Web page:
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Rolling Your Own

July 19, 2023

It must be difficult for people who cut their teeth on the aviation world of the sixties and seventies to comprehend that the cost of a new Cessna 172 is more than a half-million dollars. Perhaps that's a reasonable price to a generation who matured in a world of five-dollar coffee and eighty-thousand-dollar SUV's, but I can tell you, there's a whole bunch of potential aircraft buyers with sticker shock.

It's a fact that the basic design of the big three aircraft companies has changed little in the past forty years or so. Most of the Cessna, Piper and Beech aircraft that are being produced now share the airframes with a much older generation of airplanes, and the modernization has been more a series of tweaks and improvements made by the factories over the years.

Happily, there is a ready supply of these older aircraft that can be bought today for a fraction of what they would cost to build now, and for many a solution to the unaffordable airplane has appeared in the rebirth of yesterday airplanes.

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AOPA has inspired many aircraft owners and potential owners with their yearly blow-by- blow recount of the refurbishment of the AOPA give-away aircraft, always an older aircraft brought to new standards and capability. From their pulpit they have doubtlessly inspired many to 'remanufacture' an old airframe, and refurbs have become very common.

For those contemplating such a project, one of the most important decisions that you'll make is the selection of the project aircraft. Remember, while you'll be investing multi thousands of dollars in the changes to this aircraft, the one thing that cannot be changed is its history.

A friend and fellow aircraft salesman made an observation many years ago, that when you purchase a used airplane you don't buy just the airplane, you also buy its history. That seemed a good thought at the time and it's even more true now, many years later when we're still selling many of the same airplanes.

The logbooks tell a story, albeit a coded one. Sometimes the message is in the advertisement itself, enough to eliminate or pique interest, but sometimes only a detailed prebuy inspection by a trusted mechanic can reveal a history that makes the aircraft unsuitable for major investment. Damage that occurred in the past, corrosion issues that appear in the airframe or in the logs, hail markings, missing logs and extremely high airframe time are all things that will remain with the airplane permanently. Long after your refurb becomes a head turner, these things will affect the value of your finished project.

The task then, of selecting a used airplane to transform into your dream machine, becomes the chore of choosing the airplane that was treated kindest by happenstance. Since all airplanes left the factory new, what happened after that is of utmost interest. Did it have a series of good owners who tucked it away from the corrosive elements and wind and hail storms? Was if fortunate enough to miss being flown by the careless or inexperienced pilot who would allow damage to occur to its airframe? Was it lucky enough to have owners who gave it the maintenance it needed, without cutting corners?

I see airplanes frequently that remind me of a story that my friend Bill told me about his favorite truck, a dependable but badly battered 1 ton International. One Saturday, as Bill, his daughter and her six-year-old friend were bumping their way to the feed store, the friend asked, "Mr. Mason, was this truck ever new?"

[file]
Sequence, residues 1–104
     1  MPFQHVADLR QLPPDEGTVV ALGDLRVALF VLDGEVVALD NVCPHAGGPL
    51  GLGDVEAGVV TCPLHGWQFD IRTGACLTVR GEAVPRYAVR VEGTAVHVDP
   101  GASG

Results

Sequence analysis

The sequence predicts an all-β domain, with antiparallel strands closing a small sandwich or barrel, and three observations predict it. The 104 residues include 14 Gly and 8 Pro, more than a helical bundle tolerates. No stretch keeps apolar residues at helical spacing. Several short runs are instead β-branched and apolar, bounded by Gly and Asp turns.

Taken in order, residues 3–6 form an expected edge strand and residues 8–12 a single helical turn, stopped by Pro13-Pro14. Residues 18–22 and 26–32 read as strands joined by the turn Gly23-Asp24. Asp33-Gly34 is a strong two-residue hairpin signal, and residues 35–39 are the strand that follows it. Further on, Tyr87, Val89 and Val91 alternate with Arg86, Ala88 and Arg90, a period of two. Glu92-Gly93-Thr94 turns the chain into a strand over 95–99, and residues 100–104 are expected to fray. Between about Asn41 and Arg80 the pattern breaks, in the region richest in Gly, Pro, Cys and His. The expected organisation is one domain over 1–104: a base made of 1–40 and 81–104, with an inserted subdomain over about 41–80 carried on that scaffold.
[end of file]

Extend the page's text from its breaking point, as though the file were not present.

In the heady aircraft market of yesterday, when almost anything that looked good would sell, we dealers had a name for the aircraft that were given a quick paint and upholstery job in order to make them saleable. We called them pigs with lipstick.

In many ways, selecting an aircraft for such a project is easier that finding one for ready use. Engine time, condition of the paint, glass and upholstery is unimportant, and in fact the worse the better, since the more challenged the airplane in these areas, the cheaper it will be to buy. VFR avionics are great, since you will be putting in your dream panel and you don't want to pay for something that won't be used. In fact, airplanes that are ugly, with old avionics and a runout engine are a perfect base for your project if they possess the right pedigree.

A few years ago a dealer friend from Arizona asked me to help him find a 206 for a customer who wanted to do such a refurbishment. After a long search, I found the ideal airplane, tied down in the weeds of a high desert airport in California.

The buyer of this aircraft proceeded to create one of the most remarkable 206's that I've ever seen either new or old, and this is what he started with. The engine and prop were run out, the paint peeling, the belly streaked with oil and the glass was crazed. The interior looked as if the owner's dogs were using it for a boudoir and it's few avionics were antique.

But the inside of the airframe gleamed like a new nickel, the logs were complete, the total time was reasonably low, and it had never been damaged.

If you are contemplating building your own new airplane I wish you luck, and especially I wish you patience in finding your perfect airframe.

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Steve Weaver Aircraft Sales - Route 3 Box 696 - Phillipi, West Virginia - Phone 304-457-4523 - Fax 304-457-4799 Keep up with what is going on in West Virginia with the Times West Virginia newspaper.

Copyright © 1997 - 2016 Steve Weaver Aircraft Sales. Specifications are based upon owner's representations, and subject to buyer's verification. Aircraft are subject to prior sale or removal from market.